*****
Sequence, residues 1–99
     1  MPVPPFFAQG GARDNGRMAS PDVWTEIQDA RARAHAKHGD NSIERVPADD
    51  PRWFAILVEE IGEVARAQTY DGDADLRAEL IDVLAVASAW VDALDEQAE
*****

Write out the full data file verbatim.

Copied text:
Sequence, residues 1–99
     1  MPVPPFFAQG GARDNGRMAS PDVWTEIQDA RARAHAKHGD NSIERVPADD
    51  PRWFAILVEE IGEVARAQTY DGDADLRAEL IDVLAVASAW VDALDEQAE